Arctic nations joust but North Pole payoff may be decades away

29 Aug 2015 | Author: | No comments yet »

How Obama Can Be the New Teddy Roosevelt.

Alaska is often just a fuel stop for US presidents headed for Asia, but Barack Obama will spend three days in The Last Frontier next week and become the first sitting US president to visit the Alaskan Arctic, the setting of the most spectacular impacts of climate change.The American President’s itinerary may include a hike across the Exit Glacier in the Kenai Fjords National Park, Alaska, White House officials said Friday.

Just three months ahead of the United Nations climate conference in Paris, the US president wants to shore up public support to tackle what he calls “one of the greatest challenges we face this century.” After landing in Achorage on Monday, Obama’s visit to the largest and most sparsely populated US state will include a meeting with fishermen in the town of Dillingham, a tour of the Northwest Arctic city of Kotzebue, a visit to glaciers and the GLACIER international conference on the Arctic in Anchorage. Bill Walker ticks down the things he wants President Obama to see in visiting this vast northern state starting on Monday, and glorious glacial vistas are not at the top of the list. The National Park is a vital pillar of the Alaskan economy by way of tourism, and climate change threatens to derail the stream of visitors the Park sees every year. In advance of his trip, the President laid out a stark picture of collapsing glaciers, rapidly melting Arctic sea ice and indigenous communities inundated by rising seas. “What’s happening in Alaska isn’t just a preview of what will happen to us if we don’t take action,” Mr.

But he will meet a tough audience in Alaska, at a time when many of his Republican foes deny that the planet is warming or that human activity is influencing the phenomenon. “As if on command from the most extreme environmentalist elements, this president and his team of DC bureaucrats believe they alone know what’s best for Alaska,” echoed Congressman Don Young. The trip is the latest in a long line of recent Obama initiatives to battle climate change, including his endorsement of solar energy and a new Clean Power Plan that aims at a 32% cut in carbon emissions by 2030. He has been criticized for approving Shell Oil drilling operations in the Chukchi Sea while also making his latest push on site against climate change. As part of the three-day trip, Obama will deliver a keynote address at an international conference about climate change in the Arctics and interact with local fishermen in Dillingham, a major hub of the salmon industry. Walker points out that law enforcement, education and transportation — all crucial in a state with roadless areas larger than Texas — were all severely hit as a fifth of the state budget got redlined out earlier this year, and billions more in cuts loom for next year. “I’d show him the number of employees we’ve laid off, the troopers we’ve laid off, the trooper stations we’ve closed, the brand-new helicopters that we’re putting into storage — taking the blades off because we can’t afford to operate them on search and rescue,” said Mr.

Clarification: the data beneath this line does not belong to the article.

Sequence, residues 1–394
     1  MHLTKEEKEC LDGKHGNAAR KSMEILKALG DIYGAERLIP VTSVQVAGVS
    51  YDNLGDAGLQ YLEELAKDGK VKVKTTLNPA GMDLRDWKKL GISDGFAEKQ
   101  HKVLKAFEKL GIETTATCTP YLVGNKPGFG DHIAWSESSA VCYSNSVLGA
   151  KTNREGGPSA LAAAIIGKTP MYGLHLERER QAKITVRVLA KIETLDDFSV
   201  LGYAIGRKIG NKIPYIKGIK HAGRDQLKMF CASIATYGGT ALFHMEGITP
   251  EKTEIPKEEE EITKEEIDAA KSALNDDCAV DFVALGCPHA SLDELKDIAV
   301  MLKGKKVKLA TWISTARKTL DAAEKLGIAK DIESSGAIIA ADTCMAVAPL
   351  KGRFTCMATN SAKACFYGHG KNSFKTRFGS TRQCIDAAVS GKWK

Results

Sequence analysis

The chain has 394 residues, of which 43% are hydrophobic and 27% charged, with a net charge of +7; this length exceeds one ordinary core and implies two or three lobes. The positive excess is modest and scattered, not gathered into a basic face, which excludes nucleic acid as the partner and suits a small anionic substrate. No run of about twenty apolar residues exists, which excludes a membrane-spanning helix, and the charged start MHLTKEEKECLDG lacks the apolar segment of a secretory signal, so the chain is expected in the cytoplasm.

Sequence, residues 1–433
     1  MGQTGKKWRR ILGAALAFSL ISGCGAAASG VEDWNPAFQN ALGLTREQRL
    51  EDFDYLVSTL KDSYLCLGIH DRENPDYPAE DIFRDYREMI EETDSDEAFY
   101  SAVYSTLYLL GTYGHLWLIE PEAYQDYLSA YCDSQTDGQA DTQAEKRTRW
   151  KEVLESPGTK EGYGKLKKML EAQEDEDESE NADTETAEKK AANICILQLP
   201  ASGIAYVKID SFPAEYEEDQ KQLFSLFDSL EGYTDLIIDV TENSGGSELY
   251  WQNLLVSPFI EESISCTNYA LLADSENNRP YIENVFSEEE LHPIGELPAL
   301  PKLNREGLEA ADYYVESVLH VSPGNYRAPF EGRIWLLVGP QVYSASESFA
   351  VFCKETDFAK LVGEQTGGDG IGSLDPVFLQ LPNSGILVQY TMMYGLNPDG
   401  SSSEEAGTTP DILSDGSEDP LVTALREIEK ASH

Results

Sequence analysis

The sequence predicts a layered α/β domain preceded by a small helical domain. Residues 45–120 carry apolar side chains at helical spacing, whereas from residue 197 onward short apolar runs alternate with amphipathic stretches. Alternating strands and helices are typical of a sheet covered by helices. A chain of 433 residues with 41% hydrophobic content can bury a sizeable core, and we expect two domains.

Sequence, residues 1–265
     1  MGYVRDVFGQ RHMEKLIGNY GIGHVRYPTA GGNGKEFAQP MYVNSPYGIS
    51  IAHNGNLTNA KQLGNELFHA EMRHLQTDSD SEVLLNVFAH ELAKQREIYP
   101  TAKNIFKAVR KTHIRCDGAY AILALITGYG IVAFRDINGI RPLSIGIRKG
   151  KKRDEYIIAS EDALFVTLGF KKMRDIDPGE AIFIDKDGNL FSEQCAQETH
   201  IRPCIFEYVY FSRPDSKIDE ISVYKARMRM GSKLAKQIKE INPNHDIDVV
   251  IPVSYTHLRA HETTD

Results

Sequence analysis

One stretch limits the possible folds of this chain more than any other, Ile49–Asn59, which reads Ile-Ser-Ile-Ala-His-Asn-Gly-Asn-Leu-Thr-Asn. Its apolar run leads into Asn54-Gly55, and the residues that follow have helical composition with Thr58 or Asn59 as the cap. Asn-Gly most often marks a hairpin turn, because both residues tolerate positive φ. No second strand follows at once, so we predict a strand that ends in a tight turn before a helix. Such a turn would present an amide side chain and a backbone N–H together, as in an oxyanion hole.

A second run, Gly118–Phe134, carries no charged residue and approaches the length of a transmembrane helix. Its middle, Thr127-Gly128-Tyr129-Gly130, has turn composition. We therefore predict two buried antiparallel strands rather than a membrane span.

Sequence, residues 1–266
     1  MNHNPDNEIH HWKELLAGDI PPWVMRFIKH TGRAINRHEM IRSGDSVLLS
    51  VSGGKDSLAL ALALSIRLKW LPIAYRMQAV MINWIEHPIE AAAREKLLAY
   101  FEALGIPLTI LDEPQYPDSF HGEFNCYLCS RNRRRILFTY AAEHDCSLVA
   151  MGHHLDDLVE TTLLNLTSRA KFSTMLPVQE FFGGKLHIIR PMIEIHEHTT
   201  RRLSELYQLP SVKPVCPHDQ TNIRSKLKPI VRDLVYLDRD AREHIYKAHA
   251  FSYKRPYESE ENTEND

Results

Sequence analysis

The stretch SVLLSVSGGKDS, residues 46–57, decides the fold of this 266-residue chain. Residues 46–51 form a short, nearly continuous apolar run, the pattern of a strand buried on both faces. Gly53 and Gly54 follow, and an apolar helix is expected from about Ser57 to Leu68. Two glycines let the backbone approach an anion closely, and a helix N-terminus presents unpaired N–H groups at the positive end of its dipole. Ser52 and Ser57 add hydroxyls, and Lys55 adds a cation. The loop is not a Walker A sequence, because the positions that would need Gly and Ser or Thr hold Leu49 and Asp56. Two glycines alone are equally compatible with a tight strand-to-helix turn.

Obama, who has already struck a major bilateral pact with China to cut carbon emissions and is expected to try to press for even greater global effort in Paris later this year, wants northern nations to act. Yet Obama has also received praise for decisions like his move in late December to halt drilling in the Bristol Bay and to protect millions of acres of coastland and wilderness. “I would rather us — with all the safeguards and standards that we have — be producing our oil and gas, rather than importing it,” Obama said in May. Walker, a former lawyer and businessman who was elected last year as a political independent. “It’s real, and it’s not a slight adjustment.” As Mr. The Alaska Climate Action Network, which includes groups such as Greenpeace, plans its own chilly welcome for Obama in Alaska, where it will stage protests against the president’s “deeply hypocritical” positions when he arrives in Anchorage. Obama comes north for what the White House has described as an examination of the effects of climate change, Alaska is battling over oil — its chief source of revenue — and the thorny implications of drilling.